The transmission works sometimes, apparently depending on the frame id used (!).

  • The NucleoG474RE firmware ships the frame with the id $1007018f. That value always led immediately to an error frame on LPC4088 side.
  • When switching to the id $0, I could perform 15 transmissions before also here the error frame came.
  • Applying further values where single bits in the id were set, also led to several successful transmissions.

When checking the transmitted bit sequence with the id $1007018f, it seems that the LPC4088 sends its error frame after receiving the 10th bit of the CRC checksum (quite demanding to transfer the scope result to a list and isolating the stuffing bits). The CRC checksum as such is correct (checked with a Python CRC-15 implementation).

There are the Tx levels for the non working CAN transmission with frame id $1007018f:

Here, the transmission with the error frame on LPC4088 side is zoomed in:

I did some tests using a partially masked frame id.
A mask $7ffff (leading to an id of $7018f) leads to zero or one successful transmission.
A mask of $3ffff (leading to an id of $3018f) leads to several thousand successful transmissions (no error until test termination).

Even though, as far I could check, the CRC calculation on Nucleo side looks fine, the transmitted bit sequence determines somehow the success of the transmission.
That is more than strange.

That is cool. I remembered something. Your board is not contain standard CAN controller but FDCAN controller, which was first time implemented into can_api with STM32H7. So maybe there can be an issue for extended id.

However, from my point of view, if you are trying to solve a problem, it would be good to try that with the Mbed CAN api example. It could be used on one board with CAN-bus loop back between both CAN controllers. If that will work, then you can use it again on two different boards and so on.

BR, Jan

Hi Jan,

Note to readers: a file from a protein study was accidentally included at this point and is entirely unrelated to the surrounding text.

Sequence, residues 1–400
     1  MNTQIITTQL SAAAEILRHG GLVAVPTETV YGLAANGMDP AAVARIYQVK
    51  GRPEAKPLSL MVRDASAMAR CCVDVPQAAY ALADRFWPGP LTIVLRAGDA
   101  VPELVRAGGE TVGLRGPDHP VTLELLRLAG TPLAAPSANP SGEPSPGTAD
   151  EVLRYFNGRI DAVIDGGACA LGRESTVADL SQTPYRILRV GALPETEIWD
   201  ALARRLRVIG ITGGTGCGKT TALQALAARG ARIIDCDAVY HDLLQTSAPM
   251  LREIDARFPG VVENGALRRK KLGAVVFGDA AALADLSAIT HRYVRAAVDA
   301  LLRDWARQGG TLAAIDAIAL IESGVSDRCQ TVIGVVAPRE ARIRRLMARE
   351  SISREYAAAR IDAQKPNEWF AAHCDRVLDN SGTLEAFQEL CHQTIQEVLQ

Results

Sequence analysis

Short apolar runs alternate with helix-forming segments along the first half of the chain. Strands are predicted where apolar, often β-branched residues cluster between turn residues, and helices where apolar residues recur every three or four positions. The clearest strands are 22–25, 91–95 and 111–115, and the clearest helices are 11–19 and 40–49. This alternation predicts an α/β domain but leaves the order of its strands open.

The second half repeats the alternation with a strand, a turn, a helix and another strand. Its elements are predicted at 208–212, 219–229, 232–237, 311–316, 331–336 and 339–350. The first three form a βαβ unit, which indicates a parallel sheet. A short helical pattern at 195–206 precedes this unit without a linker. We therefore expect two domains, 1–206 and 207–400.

you are right. I will re-test it with the CAN API example and a loopback. Let’s see…

So… being back from testing:

When using the CAN API example (after reworking it to be usable with Mbed OS6), there were no issues with sending CAN Extended frames from one CAN port to the other CAN port (tested for 2 combinations).
This test used the default CAN frequency of 100kHz and did not use the CAN API method frequency().

Then I started to re-use my setup NucleoG474RE and LPC4088 for basic CAN API tests.
Finally, it ended up with a simple code:

The Nucleo board just sends extended frames, while the LPC4088 just listens to the bus.
And as long as the Nucleo board can send messages successfully, everything is ok - as this means, that the LPC4088 sends ACK replies. Here comes the code snippet for the Nucleo board with some includes omitted:

#define CAN3_RD PA_8
#define CAN3_TD PB_4

int main()
    uint32_t counter = 0;
    CAN can(CAN3_RD, CAN3_TD);  
    DigitalOut led1(LED1);    

    CANMessage msg;

    TRACE_PRINTF("CAN Test NucleoG474RE\n");

    while (1) 
        unsigned int id = 0x1b0f320f;
        int result = can.write(CANMessage(id, reinterpret_cast<const char*>(&counter), 4, CANData, CANExtended));
        if (result)
            TRACE_PRINTF("Message sent: %d\n", counter);
            led1 = !led1;
            TRACE_PRINTF("Write failed\n"); 



You may notice the commented out lines:

// can.frequency(100000);
//  can.reset();

When I kept the lines commented out, the code worked and CAN messages were sent successfully.
As soon as I used the line:


no write operation succeeded, no matter whether the following reset operation was added or kept commented out.

My expectation is that this should not happen, as 100kHz is the default frequency of the CAN bus in Mbed, i.e. setting the frequency to its default value should not make a difference.

Am I wrong?

Sounds logic and I have no Ideas for now.

However, be careful to use the reset method correctly. The frequency method or anything else must be called after call of the reset method not before. The purpose of the reset method is to return the CAN interface back to its default settings. So when you use the frequency method for set the CAN-Bus to 500khz and then call reset, the CAN-bus will be again back on 100khz.

BR, Jan

Hi Jan,
are you sure about this effect of the reset() function? I did not see anything related in the code:

/** Reset CAN interface.
 * To use after error overflow.
void can_reset(can_t *obj)
    can_mode(obj, MODE_RESET);

There is at least no obvious call to some frequency related setting. This is just a first impression from my side. Of course, this might be wrong.

In the meantime, I had a first look how the frequency settings are processed in the the function can_frequency() and in the CAN object initialization with default frequency of 100kHz.

For the NucleoG474RE the initialization is done within the function _can_init_freq_direct(can_t *obj, const can_pinmap_t *pinmap, int hz) which - apart from some pin mapping operations - performs some timing related calculations and applies general CAN settings.

In the function int can_frequency(can_t *obj, int f) also calculations are done but apparently with a focus to timing related settings.